At the high-volume end, .fund has just shy of 16,000 names and .clothing has about 12,000.

Judging by their retail prices, and the fact that Donuts benefits from the economies of scale of a 240-strong TLD portfolio, I’m going to guess these domains are profitable, but not hugely so.

If we turn our attention to .vodka, with its roughly 1,500 domains, it seems clear that MMX is barely covering the cost of its annual ICANN fees. Yet vodka.com sold for $3 million.

So will anyone be tempted to apply for .voice in the next gTLD application round? I’d say it’s very possible.

First, “voice” is a nice enough string. It could apply to telephony services, but also to general publishing platforms that give their customers a “voice”. I’d say it could gather up enough registrations to fit profitably into a large portfolio, but would not break any records in terms of volume.

But perhaps the existence of voice.com buyer Block.one as a possible applicant will raise some other applicants out of the woodwork.

Block.one, which uses a new gTLD and an alt-ccTLD (.io) for its primary web sites, is certainly not out-of-touch when it come to alternative domain names.

Could it apply for .voice, and if it does how much would it be willing to spend to pay off rival applicants? It still apparently has billions of dollars from its internet coin offering in the bank.

How much of that would it be prepared to pay for .voice at private auction?

That prospect alone might be enough to stir the interest of some would-be applicants, but it has to be said that it’s by no means certain that the highly gameable application process ICANN deployed in 2012 is going to look the same next time around.

.gay not coming out this year after all

We won’t be seeing .gay on the internet this year.

Top Level Design has postponed the release of its hard-won gTLD until the second quarter of 2020, having recently said it was planning an October 2019 launch.

The company told registrars yesterday that it wants “to move forward on a timeline that will allow us to create greater impact in a more measured manner”.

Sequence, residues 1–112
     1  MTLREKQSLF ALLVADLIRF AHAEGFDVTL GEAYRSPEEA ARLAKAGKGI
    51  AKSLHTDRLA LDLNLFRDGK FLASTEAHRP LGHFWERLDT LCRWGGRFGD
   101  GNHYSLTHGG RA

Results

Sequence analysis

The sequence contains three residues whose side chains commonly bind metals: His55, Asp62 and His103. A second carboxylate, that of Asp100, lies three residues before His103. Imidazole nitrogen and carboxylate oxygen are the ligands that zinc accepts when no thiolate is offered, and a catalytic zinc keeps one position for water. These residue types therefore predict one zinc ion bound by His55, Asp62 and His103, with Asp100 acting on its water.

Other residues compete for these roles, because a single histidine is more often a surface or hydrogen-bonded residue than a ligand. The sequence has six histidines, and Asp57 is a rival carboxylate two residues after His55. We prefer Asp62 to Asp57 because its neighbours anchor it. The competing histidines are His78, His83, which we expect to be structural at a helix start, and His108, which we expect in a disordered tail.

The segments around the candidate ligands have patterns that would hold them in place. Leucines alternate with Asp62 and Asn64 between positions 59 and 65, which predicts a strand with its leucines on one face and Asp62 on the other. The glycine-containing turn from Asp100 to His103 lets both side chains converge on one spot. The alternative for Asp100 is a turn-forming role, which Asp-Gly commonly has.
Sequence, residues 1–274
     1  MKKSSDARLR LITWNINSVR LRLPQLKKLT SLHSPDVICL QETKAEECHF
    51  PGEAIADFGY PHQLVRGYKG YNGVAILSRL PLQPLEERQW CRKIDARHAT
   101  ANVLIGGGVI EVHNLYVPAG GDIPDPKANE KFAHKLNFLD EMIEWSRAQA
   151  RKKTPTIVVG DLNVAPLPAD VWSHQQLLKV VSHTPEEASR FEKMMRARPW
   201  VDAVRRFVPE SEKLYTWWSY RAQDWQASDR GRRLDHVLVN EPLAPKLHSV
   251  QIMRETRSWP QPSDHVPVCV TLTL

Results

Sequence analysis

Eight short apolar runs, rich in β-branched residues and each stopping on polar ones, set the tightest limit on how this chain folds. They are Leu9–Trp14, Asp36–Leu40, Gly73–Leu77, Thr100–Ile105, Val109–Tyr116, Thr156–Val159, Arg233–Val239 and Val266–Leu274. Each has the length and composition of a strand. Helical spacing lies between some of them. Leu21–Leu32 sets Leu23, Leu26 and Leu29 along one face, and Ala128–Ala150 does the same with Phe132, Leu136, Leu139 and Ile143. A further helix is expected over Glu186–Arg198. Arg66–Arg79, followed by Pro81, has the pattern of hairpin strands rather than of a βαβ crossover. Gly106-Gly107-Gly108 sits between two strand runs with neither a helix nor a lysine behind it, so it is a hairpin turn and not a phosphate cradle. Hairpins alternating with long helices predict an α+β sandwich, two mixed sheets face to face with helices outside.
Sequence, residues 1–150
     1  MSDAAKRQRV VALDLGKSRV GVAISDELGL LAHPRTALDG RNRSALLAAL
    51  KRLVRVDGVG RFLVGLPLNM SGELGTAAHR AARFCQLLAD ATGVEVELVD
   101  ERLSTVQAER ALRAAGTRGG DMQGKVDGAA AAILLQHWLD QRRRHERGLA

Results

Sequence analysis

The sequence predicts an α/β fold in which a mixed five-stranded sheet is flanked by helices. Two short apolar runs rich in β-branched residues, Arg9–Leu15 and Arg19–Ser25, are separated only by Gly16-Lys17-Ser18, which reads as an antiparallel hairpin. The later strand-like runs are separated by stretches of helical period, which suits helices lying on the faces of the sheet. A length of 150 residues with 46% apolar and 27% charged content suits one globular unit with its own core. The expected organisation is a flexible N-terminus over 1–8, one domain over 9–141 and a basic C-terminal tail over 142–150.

The October date was meant to coincide with National Coming Out Day, which I said was “absolutely perfect”.

The 2020 date will instead coincide with one of the Pride events, the registry said.

The story is that Top Level Design wants to spend more time building up support from gay community groups, before it comes to market.

But CEO Ray King denied that it’s facing resistance from groups that supported the rival community-based application from dotgay LLC, which lost the chance to run .gay when it was auctioned.

“It’s really just about having enough time to do a thoughtful launch,” King told DI.

The company recently blogged about one of its .gay marketing brainstorming sessions.

New gTLD registry is latest billion-dollar unicorn

A new gTLD registry that used a different new gTLD for its original web site has merged to form a new company valued at a billion dollars using a new brand in a third new gTLD.

Combell Group announced this week that it has merged with TransIP Group, and that its combined valuation is over $1 billion.

They’re both European hosting companies. Together, they say that have 1.2 million customers and 600 employees.

The newly merged entity is called team.blue — that’s its brand and, using an Afilias-operated gTLD, its new primary domain.

As a privately held company with a billion-dollar valuation, it joins a list of companies called “unicorns”. For some reason.

Combell and TransIP both have domain registrar businesses and play primarily into the Scandinavian and Benelux regions of Europe.

Combell, which has its corporate site at combell.group, owns Danish registrar DanDomain, which was ICANN-accredited with about 20,000 domains under management until it allowed its accreditation to lapse at the start of the year.

TransIP, which was using a .eu domain, is ICANN-accredited, but has no gTLD domains to its name.

Curiously, the two registrars have sequential IANA IDs — 1603 and 1604.

Combell is also the registry for .gent, the new gTLD for the Belgian city of Ghent.